A return trip to John Betjeman’s Metro-land, 50 years on from his classic TV documentary

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The late poet laureate’s hymn to the commuter towns of Middlesex, Herts and Bucks is still a great guide to the Metropolitan line, the world’s first urban ‘underground’ railway

Here is a plan for a day out on the Metropolitan line of London’s underground, although we will at no stage be under ground, and will travel 25 miles from London. First, however, a little history.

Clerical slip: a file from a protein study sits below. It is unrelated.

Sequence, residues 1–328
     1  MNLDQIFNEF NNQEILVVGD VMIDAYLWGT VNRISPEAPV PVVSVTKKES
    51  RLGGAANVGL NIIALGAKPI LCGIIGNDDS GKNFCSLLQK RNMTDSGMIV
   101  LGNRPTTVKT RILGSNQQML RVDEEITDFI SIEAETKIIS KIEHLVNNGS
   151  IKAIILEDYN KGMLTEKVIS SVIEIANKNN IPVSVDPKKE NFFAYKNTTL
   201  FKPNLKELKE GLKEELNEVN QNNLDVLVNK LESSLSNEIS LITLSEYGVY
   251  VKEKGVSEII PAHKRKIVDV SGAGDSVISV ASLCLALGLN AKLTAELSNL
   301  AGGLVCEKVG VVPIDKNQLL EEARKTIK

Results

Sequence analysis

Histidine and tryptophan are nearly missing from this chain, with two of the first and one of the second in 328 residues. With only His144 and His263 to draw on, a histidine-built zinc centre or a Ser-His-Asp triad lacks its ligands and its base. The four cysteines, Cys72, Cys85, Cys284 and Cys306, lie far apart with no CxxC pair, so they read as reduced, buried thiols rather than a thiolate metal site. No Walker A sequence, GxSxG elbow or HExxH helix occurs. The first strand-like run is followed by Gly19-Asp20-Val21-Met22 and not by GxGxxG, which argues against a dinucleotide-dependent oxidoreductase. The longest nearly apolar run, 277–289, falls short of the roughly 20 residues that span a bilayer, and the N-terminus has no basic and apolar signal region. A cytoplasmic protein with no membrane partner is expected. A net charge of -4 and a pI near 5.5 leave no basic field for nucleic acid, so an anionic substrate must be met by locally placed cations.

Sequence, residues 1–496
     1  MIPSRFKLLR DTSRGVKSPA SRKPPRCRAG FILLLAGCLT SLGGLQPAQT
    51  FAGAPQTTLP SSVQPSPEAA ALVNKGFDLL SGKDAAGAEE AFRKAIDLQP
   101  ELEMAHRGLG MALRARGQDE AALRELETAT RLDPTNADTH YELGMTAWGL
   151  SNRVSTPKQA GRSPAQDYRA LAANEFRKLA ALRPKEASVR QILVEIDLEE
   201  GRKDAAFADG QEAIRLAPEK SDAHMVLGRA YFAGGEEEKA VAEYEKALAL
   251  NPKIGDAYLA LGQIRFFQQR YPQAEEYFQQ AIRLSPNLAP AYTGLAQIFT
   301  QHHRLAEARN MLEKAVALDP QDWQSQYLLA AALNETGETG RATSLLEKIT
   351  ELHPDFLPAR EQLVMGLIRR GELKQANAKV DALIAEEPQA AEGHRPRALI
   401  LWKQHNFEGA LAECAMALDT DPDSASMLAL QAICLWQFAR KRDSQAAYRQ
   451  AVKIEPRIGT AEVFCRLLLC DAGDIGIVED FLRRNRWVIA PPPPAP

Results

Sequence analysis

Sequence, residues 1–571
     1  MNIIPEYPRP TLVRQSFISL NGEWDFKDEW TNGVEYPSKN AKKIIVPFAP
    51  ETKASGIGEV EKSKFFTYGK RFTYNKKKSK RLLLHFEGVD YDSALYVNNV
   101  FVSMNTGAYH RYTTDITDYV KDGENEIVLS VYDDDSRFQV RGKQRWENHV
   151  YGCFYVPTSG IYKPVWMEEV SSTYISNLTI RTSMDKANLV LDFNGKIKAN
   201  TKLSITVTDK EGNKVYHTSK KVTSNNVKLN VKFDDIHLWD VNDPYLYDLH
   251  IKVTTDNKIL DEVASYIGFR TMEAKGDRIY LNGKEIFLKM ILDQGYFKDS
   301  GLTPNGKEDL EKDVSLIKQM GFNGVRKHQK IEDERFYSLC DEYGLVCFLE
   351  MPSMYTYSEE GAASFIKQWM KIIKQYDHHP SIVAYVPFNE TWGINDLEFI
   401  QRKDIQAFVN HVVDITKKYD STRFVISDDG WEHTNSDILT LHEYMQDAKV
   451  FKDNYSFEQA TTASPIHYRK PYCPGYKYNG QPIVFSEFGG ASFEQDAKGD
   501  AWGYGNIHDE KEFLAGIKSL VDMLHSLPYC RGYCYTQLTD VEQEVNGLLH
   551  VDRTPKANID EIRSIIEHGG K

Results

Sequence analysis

In 1863, the Metropolitan Railway (Met) built the first subterranean railway – from Paddington to Farringdon. Five years later, the Met, an ambitious and restless outfit, added to this an above-ground northern prong, from Baker Street to St John’s Wood, in the hope of capturing commuter traffic. As this prong, known as the Extension Line at the time – and still called that by one endearingly affected friend of mine – bifurcated and stretched into Middlesex, Hertfordshire and Buckinghamshire, the Met built homes adjacent to it in the nostalgic Tudorbethan style. Between 1915 and 1933 (when the Met suffered the indignity of becoming a mere “line” of the London Underground), these were marketed as Metro-land.

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